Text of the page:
Summerfruit NZ, April Update

Posted By HBFA | April 15, 2021

Richard Mills, Summerfruit NZ Market Support

Summerfruit NZ has appointed a new CEO, Kate Hellstrom. Kate is based in Wellington and is looking forward to visiting the regions to meet and greet Summerfruit growers.

Alongside Kate’s appointment, a new chair for the Summerfruit NZ Board will be ratified at the time of the AGM in June.  As a result of the industry review there is subtle but continuing change inside the organization. Whilst there seems to be a number of changes in our sector, change is good for on-going development and growth of the industry.

Changes are also occurring in orchard ownership here in Hawke’s Bay and in Central Otago. These changes seem to be driven by farm gate prices, weather and an older grower demographic profile. Should you sell or buy an orchard, or have a change in lease arrangements, please let us know and we will amend our records accordingly.

Pruning is underway, where it’s not conflicting with apple harvest! It’s good practice to make, at least the big cuts, during the dry warmer period and if necessary, do the detail later in the season. That said dry is the order of the day, and as I’ve suggested previously the trees would love a good drink. Summerfruit NZ’s Research Manager has suggested the trees need 100mm over three days to give the roots at the deeper layer a good drink. Metservice is suggesting warmer and drier than normal for this period, with westerly winds. As counter-intuitive as it sounds, if you have irrigation it would seem like a good time to turn it on again.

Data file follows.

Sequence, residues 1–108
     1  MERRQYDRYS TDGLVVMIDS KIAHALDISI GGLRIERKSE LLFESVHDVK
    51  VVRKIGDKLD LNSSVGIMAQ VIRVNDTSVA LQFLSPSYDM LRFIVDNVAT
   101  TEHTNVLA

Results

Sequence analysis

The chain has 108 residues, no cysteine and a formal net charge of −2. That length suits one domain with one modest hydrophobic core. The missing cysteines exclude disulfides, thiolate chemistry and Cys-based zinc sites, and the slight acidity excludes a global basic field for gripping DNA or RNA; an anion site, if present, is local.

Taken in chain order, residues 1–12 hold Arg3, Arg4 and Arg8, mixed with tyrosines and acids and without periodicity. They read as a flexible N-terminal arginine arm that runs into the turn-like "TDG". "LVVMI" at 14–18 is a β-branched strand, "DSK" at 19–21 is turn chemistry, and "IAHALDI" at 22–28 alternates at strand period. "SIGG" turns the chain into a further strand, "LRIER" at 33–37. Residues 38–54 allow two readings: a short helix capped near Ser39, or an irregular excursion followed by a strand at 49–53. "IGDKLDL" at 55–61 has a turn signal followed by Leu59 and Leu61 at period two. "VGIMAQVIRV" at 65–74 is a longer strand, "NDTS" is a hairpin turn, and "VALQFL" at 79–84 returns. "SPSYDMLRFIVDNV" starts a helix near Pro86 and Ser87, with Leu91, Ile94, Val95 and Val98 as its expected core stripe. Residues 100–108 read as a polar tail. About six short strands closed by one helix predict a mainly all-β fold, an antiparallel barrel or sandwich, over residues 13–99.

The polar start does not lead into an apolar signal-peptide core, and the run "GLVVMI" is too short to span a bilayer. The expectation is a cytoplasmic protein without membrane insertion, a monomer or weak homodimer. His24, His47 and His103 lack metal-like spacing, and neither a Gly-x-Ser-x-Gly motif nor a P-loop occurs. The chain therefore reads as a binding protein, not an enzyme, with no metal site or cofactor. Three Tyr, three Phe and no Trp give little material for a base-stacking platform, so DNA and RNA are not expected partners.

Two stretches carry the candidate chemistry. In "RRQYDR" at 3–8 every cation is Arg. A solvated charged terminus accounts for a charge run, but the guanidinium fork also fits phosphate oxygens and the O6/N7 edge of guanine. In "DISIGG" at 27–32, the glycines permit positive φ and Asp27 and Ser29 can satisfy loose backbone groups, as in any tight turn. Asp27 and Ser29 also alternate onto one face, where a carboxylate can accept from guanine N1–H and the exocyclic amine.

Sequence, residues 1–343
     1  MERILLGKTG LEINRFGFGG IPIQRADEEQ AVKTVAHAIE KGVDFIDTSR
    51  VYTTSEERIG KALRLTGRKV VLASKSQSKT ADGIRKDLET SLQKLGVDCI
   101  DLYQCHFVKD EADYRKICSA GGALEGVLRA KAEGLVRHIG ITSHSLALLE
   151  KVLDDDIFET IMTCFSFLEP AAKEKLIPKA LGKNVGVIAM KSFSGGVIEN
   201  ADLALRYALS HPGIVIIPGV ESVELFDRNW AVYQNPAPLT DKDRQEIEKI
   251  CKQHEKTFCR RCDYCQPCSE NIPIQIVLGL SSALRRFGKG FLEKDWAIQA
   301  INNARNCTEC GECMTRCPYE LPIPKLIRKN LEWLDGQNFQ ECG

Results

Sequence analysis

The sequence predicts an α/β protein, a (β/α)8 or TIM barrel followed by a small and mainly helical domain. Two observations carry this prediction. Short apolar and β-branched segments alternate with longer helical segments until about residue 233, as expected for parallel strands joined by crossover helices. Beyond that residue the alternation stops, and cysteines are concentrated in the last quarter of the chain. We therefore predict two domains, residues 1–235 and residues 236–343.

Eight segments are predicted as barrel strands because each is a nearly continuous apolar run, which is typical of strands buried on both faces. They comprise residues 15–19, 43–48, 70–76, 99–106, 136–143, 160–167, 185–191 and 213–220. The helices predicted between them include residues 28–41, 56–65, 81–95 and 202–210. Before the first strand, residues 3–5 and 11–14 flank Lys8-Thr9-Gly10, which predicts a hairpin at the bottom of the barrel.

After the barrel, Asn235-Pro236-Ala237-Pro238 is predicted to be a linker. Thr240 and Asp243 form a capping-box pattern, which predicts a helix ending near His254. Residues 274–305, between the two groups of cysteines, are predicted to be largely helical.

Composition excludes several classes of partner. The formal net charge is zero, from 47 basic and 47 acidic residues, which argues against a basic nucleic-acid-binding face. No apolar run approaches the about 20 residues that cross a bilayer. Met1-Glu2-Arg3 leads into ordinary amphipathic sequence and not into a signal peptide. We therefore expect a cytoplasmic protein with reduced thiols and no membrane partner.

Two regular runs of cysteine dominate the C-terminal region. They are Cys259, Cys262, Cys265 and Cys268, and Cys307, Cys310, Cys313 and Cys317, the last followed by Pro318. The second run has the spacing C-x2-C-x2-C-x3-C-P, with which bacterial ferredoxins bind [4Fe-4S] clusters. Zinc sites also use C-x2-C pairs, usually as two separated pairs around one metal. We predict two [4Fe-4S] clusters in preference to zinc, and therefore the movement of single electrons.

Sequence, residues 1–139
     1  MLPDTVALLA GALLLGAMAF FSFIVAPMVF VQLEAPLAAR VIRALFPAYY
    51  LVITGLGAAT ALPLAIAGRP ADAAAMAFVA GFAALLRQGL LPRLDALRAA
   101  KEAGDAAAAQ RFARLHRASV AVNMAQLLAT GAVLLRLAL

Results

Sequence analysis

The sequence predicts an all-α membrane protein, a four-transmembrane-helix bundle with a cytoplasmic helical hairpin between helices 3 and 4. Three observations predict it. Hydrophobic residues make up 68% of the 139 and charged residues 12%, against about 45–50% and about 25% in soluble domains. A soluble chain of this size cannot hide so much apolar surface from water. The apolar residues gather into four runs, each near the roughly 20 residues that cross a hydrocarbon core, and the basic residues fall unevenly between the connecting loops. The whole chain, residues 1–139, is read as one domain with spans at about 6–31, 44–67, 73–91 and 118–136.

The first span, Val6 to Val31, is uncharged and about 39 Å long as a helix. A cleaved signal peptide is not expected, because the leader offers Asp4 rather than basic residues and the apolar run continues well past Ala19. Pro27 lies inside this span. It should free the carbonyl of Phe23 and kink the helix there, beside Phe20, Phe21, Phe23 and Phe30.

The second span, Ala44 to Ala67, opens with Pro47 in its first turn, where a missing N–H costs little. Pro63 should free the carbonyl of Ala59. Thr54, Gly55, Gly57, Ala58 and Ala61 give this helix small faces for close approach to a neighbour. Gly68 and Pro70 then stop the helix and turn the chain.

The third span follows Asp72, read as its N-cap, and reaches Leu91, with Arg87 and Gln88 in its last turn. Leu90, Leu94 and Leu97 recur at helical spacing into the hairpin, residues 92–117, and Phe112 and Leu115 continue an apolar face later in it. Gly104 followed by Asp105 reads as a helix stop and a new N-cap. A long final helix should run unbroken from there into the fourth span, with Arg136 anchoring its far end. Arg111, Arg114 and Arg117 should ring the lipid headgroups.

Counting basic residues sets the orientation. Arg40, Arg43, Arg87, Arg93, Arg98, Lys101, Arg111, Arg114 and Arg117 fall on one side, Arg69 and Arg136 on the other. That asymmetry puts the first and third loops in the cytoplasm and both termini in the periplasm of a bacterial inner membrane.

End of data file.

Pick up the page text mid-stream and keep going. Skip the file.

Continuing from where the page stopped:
I was recently in Wellington participating in a seminar on Regenerative Agriculture. Although I took down a healthy degree of scepticism, in part fuelled by grower comments, I came away feeling this is something that our industry needs to keep an eye on and indeed participate in. The Apple Futures, KiwiGreen and SummerGreen systems appear to have helped our product groups to at least be on the continuum of improvement if not a fair way along it. It’s not something to be wary of, more something to benefit from.

The seminar discussed the need for change to be driven by growers and groups of growers identifying issues and actioning changes, rather than local or central government driving the change. With this thinking, there should be an opportunity for the ag. and hort. industry to work together in an area, or at catchment levels, much in the manner of the Twyford Water Users Group. This bottom-up approach would seem to be at odds with what Greenpeace is demanding for Regen.Ag.

I will keep an eye on this space and see what transpires!

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